Tag Archives: Steve Sailer

Restriction of Range

I read Scott Alexander because he’s a pretty good weathervane for insight into the respectable crowd. For reasons I don’t understand, he periodically gets raves from writers way up the food chain, so he’s clearly writing about sensitive subjects without activating their panic buttons.  I once read this book on Highly Sensitive People, and the author was like “OK, this may be painful, so stop and take a breath before you move on. Sense how you’re feeling. Breathe again. Now turn the page.” I found this extremely irritating, and Scott reminds me of that author. Who, by the way and despite the offputting habits and an entirely unscientific theory, provided me with a successful frameworks and some useful tips. Yes,  I am a Highly Sensitive Person. Go ahead, laugh; it’s 20 years and I still think it’s funny.

Anyway. While this may seem like insider baseball, I’m writing this because the issue at hand illustrates an important point.

Recently, Scott wrote a soothing reassurance to the many people writing him “heartfelt letters complaining about their low IQs”.

See, the correct response to “heartfelt letters complaining about their low IQs” is a gagging noise or, perhaps more maturely, a discreet eye-roll. But that’s just me.

Scott quotes a Reddit commenter echoing a typical concern:

I never got a chance to have a discussion with the psychologist about the results, so I was left to interpret them with me, myself, and the big I known as the Internet – a dangerous activity, I know. This meant two years to date of armchair research, and subsequently, an incessant fear of the implications of my below-average IQ, which stands at a pitiful 94…I still struggle in certain areas of comprehension. I received a score of 1070 on the SAT, (540 Reading & 530 Math), and am barely scraping by in my college algebra class. Honestly, I would be ashamed if any of my coworkers knew I barely could do high school-level algebra.

Scott does something like five paragraphs on the measurement and meaning of IQ and how it’s great for groups but not terribly valuable for the individual. All that is just duck and weave, though, because basically, his response is “Well, your IQ test wasn’t accurate”.  But Scott’s worried that if he says that, it will undo all the hard work he’s put in convincing people that IQ has meaning.

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So reading the post, the reddit thread, and the comments, I’ve concluded that my–well, somewhat undue–frustration has two sources. First, I  believe abrupt, brusque and occasionally rude responses are not immoral and frankly necessary. But more importantly, I’m dumbfounded that Scott would treat these queries as worthy of a treatise, so I’m wondering why.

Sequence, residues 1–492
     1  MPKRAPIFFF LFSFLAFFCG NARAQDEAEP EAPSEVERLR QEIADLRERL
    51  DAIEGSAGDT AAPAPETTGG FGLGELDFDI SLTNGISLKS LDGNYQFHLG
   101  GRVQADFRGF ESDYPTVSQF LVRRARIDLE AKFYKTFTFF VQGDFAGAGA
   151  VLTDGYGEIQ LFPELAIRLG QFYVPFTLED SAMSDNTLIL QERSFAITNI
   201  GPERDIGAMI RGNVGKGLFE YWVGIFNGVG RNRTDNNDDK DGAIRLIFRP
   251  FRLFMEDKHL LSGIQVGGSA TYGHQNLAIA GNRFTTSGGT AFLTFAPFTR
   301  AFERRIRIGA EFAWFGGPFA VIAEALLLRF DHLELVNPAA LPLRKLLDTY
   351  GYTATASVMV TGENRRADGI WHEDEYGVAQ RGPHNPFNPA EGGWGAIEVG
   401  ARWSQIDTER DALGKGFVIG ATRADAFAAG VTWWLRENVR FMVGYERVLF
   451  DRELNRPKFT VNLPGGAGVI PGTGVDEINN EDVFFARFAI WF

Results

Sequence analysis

I don’t usually quote Malcolm Gladwell unless it’s his ketchup piece, but this is instructive:

Of course, Gladwell was actually quoting someone with actual expertise, Arthur Jensen:

While individual IQs are irrelevant, the tiers are pretty useful. Those who interact regularly with all three tiers can place people pretty accurately in those tiers.  My various occupations have given me access to the entire range of  IQs, from the occasional low 80s to third standard deviation and possibly beyond. As a result, I don’t know a 98 from a 105, but I would never place either in the below 90 or above 115 group.

And from that vantage point, I can’t figure out why Scott is equivocating, because there is simply no way the Reddit poster, or indeed anyone who reads Scott’s blog, has an IQ much south of 115. The idea is ludicrous. Instantly risible.

Alexander is clearly aware of this. His characterization: “Help, I got a low IQ score, I’ve double-checked the standard deviation of all of my subscores and found some slight discrepancy but I’m not sure if that counts as Bayesian evidence that the global value is erroneous” oh so gently mocks his emailers–and mocks them in a manner that only higher IQs could understand.

But why would he spend so much time on the topic? Maybe it’s my (extremely low) opinion of the SSC groupies, but it’s pretty obvious that the emailers are looking for validation from their hero.

“I’ll tell Scott or random people on the internet that I’ve got a low IQ and they’ll go, pish tosh! and tell me how smart I am.” . Write an intellectual email, tossing in all the right buzzwords, worrying about their IQ, in order to get a reassuring  “Don’t be silly! You’re far too intelligent for a 90 IQ!” that they can brag about.

In short, I think Scott’s emailers are lying to get an ego boost.

Sure, it’s possible that IQ tests are routinely handing out scores of 90 to  people with 80th percentile SAT results. It’s just extremely unlikely.  Alternatively, these folks could be IQ-denialists lying to seed doubt and confusion about IQ tests. “We’ll be, like Russian agents and post fake news through Scott. No one will trust these foul instruments!”

I’ll take “Needy Validation” for $1000, Scott.